Skip to main content

Tonight, I dine on turtle soup.

Teenage Mutant Ninja Turtles
(2014)

I didn’t much care for Teenage Mutant Ninja Turtles first time round, and I was still (just) a teenager myself then. The popularity of Steve Barron’s movie far exceeded its quality, but at least it had cheerfully cartoonish approximations of the comic book quartet going for it, design-wise. And, of course, the magnificent Elias Koteas. This reboot comes from the perspiring mind of perpetual adolescent Michael Bay, a director-producer with a perpetual boner for both lingerie models and, it seems, ‘80s kids’ properties he can “improve” with bizarrely inappropriate doses of photo-realism.


I’m not sure anyone outside of Bay, 12-year old boys and Kelsey Grammar (guest star spots in blockbusters do pay well) can claim account for the absurd success of Transformers, four movies down the line and counting, with a guaranteed a billion dollar global gross each time. He brings the same “magic” to his over-designed and continuity drivel-driven Transformers to this Turtles reimagining. There was much controversy within Turtle fandom (Turtledom?) over early versions of the script, in which the martial arts foursome were revealed to be from outer space, or another dimension. Bay had this dropped, presumably in response to the outrage and the realisation he hadn’t a clue what he had bought, and his trio of writers reverted to something approximating the actual reptile genesis (albeit with Bay semi-regular Megan Fox’s reporter character April O’Neill now intrinsically linked the Leonardo, Michelangelo, Raphael and Donatello).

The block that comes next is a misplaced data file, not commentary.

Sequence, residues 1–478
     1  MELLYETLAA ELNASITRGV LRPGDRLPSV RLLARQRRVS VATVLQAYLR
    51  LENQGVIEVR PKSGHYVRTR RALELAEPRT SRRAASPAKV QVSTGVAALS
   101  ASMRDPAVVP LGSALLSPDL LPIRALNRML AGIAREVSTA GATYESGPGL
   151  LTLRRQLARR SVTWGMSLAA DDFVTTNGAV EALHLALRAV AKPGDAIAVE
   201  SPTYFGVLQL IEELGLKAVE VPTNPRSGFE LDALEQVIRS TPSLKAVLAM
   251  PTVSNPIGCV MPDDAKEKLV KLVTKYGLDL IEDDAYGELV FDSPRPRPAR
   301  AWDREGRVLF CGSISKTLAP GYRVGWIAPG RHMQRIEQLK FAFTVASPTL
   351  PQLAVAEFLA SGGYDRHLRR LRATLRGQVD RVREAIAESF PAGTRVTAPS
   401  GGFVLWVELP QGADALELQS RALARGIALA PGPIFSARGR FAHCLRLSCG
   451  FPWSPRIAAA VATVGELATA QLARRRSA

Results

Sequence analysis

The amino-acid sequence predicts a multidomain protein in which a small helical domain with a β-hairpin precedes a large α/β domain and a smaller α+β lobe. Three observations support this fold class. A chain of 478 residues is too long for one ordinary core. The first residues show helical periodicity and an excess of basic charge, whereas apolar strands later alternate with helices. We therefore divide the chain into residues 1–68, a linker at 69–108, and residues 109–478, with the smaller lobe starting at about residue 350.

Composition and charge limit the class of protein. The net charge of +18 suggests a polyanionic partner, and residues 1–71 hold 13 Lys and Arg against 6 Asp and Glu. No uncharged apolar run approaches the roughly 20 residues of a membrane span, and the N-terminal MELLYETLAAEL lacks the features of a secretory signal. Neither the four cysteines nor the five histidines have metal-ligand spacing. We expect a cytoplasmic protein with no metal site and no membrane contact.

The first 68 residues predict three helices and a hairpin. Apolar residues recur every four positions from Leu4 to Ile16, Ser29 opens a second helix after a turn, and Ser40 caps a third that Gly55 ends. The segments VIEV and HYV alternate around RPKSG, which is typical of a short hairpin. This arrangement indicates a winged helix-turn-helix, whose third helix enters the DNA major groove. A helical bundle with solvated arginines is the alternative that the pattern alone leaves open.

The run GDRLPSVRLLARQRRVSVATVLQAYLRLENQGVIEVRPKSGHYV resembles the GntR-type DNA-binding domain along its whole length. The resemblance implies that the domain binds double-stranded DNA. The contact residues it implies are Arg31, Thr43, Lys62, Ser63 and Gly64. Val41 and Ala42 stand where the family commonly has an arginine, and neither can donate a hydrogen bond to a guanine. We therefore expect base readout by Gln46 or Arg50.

The plot is as rudimentary as they come; the turtles show up, kick the Foot Clan’s arses, get captured, and rally to stop the villains from spreading a deadly virus throughout New York. The villains being Shredder, and major domo scientist William Fichtner. Bay has drafted in Platinum Dunes golden boy Jonathan Liebesman to call the shots, and he dutifully delivers Bay-lite quick cut confusion masquerading as direction. Liebesman is one of the new generation of Hollywood journeymen. Whereas once they were stolid and laborious, now they are frenetic and display all the symptoms of ADD. Does anyone recall how great Liebesman’s work on Battle Los Angeles and Wrath of the Titans was? I didn’t think so.


Liebesman ensures the proceedings are messy, ugly, humourless (they should be, Johnny Knoxville lends himself to one of the turtle voices) and self-important. Nothing on his résumé suggested a talent for comedy, and he goes on to proves his lack of flair. He stages the fights as if he’s facing Transformers off against each other (low angles, slow-motion smackdowns), and is saddled with the most banal, tedious exposition-riddled dialogue to grace a Hollywood blockbuster in many a moon. Brian Tyler contributes one of his less elegant scores (actually, Iron Man Three is the exception in his back catalogue, in that its exceptional), attempting at a rousing theme but failing miserably.